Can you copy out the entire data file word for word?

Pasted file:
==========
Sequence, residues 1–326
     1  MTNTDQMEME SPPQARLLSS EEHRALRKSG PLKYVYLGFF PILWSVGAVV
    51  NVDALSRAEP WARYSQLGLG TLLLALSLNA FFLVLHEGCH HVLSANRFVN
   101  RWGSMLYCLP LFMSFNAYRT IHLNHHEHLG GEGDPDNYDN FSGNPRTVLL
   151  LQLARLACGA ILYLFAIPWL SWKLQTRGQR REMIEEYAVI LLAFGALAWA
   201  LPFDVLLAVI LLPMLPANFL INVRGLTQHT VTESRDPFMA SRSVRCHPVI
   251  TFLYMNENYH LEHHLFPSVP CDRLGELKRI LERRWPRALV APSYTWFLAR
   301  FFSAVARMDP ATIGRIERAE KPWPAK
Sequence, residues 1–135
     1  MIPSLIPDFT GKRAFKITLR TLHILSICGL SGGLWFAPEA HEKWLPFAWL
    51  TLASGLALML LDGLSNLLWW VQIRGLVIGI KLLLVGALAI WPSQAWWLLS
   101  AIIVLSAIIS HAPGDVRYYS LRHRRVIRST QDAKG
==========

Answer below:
Sequence, residues 1–326
     1  MTNTDQMEME SPPQARLLSS EEHRALRKSG PLKYVYLGFF PILWSVGAVV
    51  NVDALSRAEP WARYSQLGLG TLLLALSLNA FFLVLHEGCH HVLSANRFVN
   101  RWGSMLYCLP LFMSFNAYRT IHLNHHEHLG GEGDPDNYDN FSGNPRTVLL
   151  LQLARLACGA ILYLFAIPWL SWKLQTRGQR REMIEEYAVI LLAFGALAWA
   201  LPFDVLLAVI LLPMLPANFL INVRGLTQHT VTESRDPFMA SRSVRCHPVI
   251  TFLYMNENYH LEHHLFPSVP CDRLGELKRI LERRWPRALV APSYTWFLAR
   301  FFSAVARMDP ATIGRIERAE KPWPAK
Sequence, residues 1–135
     1  MIPSLIPDFT GKRAFKITLR TLHILSICGL SGGLWFAPEA HEKWLPFAWL
    51  TLASGLALML LDGLSNLLWW VQIRGLVIGI KLLLVGALAI WPSQAWWLLS
   101  AIIVLSAIIS HAPGDVRYYS LRHRRVIRST QDAKG